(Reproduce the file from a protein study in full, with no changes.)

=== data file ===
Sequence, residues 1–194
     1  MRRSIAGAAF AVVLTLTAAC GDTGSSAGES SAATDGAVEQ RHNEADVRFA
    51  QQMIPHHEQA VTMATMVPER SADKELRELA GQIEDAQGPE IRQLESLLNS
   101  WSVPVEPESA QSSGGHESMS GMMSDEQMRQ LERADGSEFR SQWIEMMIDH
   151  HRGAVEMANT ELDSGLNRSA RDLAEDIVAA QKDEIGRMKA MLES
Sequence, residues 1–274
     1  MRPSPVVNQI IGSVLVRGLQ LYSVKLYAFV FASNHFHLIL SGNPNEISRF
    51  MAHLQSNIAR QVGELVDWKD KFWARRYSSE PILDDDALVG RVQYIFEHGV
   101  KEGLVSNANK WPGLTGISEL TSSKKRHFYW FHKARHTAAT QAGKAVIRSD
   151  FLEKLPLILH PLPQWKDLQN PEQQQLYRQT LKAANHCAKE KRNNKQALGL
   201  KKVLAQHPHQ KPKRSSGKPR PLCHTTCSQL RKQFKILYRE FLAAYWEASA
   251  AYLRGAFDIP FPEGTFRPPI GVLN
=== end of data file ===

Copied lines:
Sequence, residues 1–194
     1  MRRSIAGAAF AVVLTLTAAC GDTGSSAGES SAATDGAVEQ RHNEADVRFA
    51  QQMIPHHEQA VTMATMVPER SADKELRELA GQIEDAQGPE IRQLESLLNS
   101  WSVPVEPESA QSSGGHESMS GMMSDEQMRQ LERADGSEFR SQWIEMMIDH
   151  HRGAVEMANT ELDSGLNRSA RDLAEDIVAA QKDEIGRMKA MLES
Sequence, residues 1–274
     1  MRPSPVVNQI IGSVLVRGLQ LYSVKLYAFV FASNHFHLIL SGNPNEISRF
    51  MAHLQSNIAR QVGELVDWKD KFWARRYSSE PILDDDALVG RVQYIFEHGV
   101  KEGLVSNANK WPGLTGISEL TSSKKRHFYW FHKARHTAAT QAGKAVIRSD
   151  FLEKLPLILH PLPQWKDLQN PEQQQLYRQT LKAANHCAKE KRNNKQALGL
   201  KKVLAQHPHQ KPKRSSGKPR PLCHTTCSQL RKQFKILYRE FLAAYWEASA
   251  AYLRGAFDIP FPEGTFRPPI GVLN